Much of this unquestioned assumption of mine grew from the fact that heroine was the catch-all term within the educational realm for girl characters. “The heroines of Jane Austen’s novels…” is a time-honored lit crit phrase meaning Lizzie, Emma, Ann, Fanny, Katherine and that drummer whose name I can never remember. “Lucy Maud Montgomery’s hot-tempered heroine…” has long been a valid mouthful of a way to refer to PEI’s favorite redhead. You know, when you’re afraid you’ve somehow used “Anne” one too many times in an English essay.
(Pro tip: Just say Anne again. The essay’s about her… it’s cool.)
Oddly, I think if you said “Jane Austen’s heroes are…”? The answer you’d get much of the time would be Darcy. Knightly. Brandon.
Is this good? Well, no. When one looks at it squarely, it’s even, perhaps, a little queasy-making. The above three dudes aren’t world-savers and they aren’t even the protagonists of the novels they’re in. So it’s sad that some might find it easier to credit Willoughby with heroism for plucking an injured Marianne off a hillside than to bracket Anne Elliot with Tomoe Gozen when the former insists upon visiting a broke and sick old school friend, against her family’s wishes.
Does heroine still have a use, and does it lie solely within the realm of classic literature? Are there modern heroines who aren’t heroes? Should I rename this series “Girlhood heroes of …” or “Chicks we worshipped way back when…”
More importantly, if I do retitle, is there some way to get a faintly tasteless string of puns out of the deal? Extra points if you make me sorry I asked this.
I love this series so much! Tiger Lily was who I wanted to be when I was in kindergarten. I remember pretending to be tied up on the playground. If no one writes about her, could I?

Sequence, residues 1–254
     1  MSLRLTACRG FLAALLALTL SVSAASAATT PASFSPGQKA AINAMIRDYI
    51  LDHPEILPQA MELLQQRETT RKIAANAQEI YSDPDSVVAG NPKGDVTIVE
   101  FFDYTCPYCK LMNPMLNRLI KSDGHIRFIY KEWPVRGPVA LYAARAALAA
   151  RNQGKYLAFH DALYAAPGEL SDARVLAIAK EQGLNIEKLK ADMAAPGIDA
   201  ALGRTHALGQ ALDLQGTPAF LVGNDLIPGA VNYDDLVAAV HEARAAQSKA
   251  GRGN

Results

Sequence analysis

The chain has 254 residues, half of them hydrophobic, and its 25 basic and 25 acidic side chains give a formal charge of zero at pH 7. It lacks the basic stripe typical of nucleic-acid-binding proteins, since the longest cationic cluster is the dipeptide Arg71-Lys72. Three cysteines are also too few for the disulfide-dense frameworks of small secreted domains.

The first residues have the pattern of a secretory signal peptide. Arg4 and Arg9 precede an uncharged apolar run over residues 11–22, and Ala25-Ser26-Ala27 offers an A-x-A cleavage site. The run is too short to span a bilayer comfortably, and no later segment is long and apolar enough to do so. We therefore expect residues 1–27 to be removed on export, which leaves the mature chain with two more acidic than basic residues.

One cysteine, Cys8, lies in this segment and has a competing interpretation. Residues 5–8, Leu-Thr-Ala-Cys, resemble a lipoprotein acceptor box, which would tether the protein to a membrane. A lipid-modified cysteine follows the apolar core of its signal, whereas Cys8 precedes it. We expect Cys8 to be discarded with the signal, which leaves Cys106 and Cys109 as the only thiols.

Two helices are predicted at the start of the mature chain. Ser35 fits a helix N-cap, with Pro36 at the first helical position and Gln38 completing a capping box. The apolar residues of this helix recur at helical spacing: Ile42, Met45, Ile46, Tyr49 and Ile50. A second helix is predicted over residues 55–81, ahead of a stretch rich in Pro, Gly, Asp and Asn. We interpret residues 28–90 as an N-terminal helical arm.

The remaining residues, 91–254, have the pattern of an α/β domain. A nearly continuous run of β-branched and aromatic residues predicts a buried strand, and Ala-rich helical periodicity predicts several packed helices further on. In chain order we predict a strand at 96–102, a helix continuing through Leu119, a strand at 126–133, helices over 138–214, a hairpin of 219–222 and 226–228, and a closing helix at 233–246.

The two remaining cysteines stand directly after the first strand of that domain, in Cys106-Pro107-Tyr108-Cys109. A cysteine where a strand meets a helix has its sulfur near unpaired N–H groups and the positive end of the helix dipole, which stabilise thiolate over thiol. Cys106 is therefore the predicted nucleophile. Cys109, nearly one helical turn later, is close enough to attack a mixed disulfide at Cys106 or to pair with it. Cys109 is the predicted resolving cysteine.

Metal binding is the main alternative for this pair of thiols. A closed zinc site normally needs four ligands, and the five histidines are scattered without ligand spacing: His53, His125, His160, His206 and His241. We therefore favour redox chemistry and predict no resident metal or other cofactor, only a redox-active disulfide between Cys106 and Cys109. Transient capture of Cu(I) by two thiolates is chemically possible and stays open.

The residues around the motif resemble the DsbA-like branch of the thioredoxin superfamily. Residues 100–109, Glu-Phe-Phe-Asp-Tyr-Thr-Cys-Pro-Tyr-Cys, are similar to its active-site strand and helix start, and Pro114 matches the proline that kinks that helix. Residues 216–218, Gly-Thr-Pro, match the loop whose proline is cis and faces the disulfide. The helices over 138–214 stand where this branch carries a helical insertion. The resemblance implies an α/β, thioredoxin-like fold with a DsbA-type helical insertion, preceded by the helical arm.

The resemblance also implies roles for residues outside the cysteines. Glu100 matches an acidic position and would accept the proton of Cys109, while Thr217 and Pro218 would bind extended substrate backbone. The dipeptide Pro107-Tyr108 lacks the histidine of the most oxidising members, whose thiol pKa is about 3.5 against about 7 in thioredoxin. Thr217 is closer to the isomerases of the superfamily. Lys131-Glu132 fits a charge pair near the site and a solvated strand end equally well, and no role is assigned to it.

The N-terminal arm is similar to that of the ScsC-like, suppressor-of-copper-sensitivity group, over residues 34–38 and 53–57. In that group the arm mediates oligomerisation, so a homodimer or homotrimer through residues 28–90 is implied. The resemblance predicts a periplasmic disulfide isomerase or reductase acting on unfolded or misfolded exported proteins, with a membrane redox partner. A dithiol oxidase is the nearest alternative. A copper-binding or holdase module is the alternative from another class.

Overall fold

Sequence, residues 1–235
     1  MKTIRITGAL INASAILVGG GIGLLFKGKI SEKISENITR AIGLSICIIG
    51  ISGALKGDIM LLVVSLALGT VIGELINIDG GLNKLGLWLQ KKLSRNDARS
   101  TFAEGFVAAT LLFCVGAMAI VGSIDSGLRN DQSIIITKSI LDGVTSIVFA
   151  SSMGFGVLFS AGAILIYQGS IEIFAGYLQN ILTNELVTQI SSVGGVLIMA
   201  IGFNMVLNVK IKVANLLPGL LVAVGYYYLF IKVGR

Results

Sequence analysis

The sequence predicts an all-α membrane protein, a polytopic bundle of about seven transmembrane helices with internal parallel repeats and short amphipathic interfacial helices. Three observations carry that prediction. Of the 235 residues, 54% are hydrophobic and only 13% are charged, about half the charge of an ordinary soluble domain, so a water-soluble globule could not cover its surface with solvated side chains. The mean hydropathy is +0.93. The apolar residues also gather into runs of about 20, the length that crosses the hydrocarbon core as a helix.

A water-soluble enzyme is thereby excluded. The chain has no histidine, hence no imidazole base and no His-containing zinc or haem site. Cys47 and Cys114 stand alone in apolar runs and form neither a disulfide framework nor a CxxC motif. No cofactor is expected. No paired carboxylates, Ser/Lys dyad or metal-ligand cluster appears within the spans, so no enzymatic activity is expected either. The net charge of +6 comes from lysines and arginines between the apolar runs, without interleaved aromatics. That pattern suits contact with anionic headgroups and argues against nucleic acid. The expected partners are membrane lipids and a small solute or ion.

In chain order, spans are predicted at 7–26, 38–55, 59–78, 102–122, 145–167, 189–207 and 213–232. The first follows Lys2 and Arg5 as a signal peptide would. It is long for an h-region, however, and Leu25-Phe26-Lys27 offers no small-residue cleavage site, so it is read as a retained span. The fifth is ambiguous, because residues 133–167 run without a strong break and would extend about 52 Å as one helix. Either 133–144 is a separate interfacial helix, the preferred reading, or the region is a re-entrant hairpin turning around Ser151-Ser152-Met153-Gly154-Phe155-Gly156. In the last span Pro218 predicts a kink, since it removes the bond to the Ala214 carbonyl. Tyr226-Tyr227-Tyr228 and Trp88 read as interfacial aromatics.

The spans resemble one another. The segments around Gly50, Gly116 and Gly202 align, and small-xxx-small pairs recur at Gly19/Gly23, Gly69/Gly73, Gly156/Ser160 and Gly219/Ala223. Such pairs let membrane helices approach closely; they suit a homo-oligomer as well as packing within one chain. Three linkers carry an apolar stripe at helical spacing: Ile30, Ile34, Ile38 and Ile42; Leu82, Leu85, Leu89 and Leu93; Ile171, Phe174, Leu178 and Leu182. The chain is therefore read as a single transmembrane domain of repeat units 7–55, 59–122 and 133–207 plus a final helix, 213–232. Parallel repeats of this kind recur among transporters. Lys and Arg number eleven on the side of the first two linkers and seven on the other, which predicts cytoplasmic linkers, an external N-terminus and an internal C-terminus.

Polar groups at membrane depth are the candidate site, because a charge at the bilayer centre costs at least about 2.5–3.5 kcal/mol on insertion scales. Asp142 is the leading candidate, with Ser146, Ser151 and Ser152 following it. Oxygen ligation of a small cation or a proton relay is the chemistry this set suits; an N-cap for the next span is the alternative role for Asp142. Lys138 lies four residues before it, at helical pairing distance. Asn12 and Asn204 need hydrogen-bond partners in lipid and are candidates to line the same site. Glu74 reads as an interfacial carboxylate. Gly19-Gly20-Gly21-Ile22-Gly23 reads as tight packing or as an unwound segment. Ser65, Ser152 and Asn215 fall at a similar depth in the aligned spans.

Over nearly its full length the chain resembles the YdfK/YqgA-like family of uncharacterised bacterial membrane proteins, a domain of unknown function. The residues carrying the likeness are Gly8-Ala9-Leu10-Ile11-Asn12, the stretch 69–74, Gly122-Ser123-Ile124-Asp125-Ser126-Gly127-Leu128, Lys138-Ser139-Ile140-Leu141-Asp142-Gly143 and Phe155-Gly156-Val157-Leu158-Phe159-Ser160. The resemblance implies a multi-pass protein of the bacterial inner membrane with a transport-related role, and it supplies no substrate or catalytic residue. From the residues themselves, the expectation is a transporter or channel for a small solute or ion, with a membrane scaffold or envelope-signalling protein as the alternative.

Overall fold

You totally can. Drop me a line and I’ll e-mail you the GLs.
Very few people in Austen novels do anything conventionally “heroic”. She was writing the anti-Gothik, about very quiet country people living very quiet lives. Minor violations of decorum like Ann’s -are- heroic in this context, and require a lot of cold nerve.
You barely get an acknowledgement that her England has been involved in a totally gnarly world war for 25 years of battle and slaughter from Java to Hudson’s Bay and hunger riots and refugees and blockades, or is the center of a gigantic empire.
You wouldn’t realize that public executions were a popular family entertainment, either, or that 30,000 guys of all classes would show up for a 35-round bare-knuckle prizefight.
(I liked Jirel of Joiry and Valeria of the Red Brotherhood a lot as a kid, myself… 8-).
Yes, nicely put! Austen’s themes and stories are not the stuff of Xena, to be sure. Yet that phrase attaches to them… Austen’s heroines.
I don’t know of either Jirel of Joiry or Valeria. Have I asked, Steve, if you want to do the Heroine Question? Or perhaps Buddy Buddy? I thought I had written you, but maybe I am spacing. It has been that kind of a week.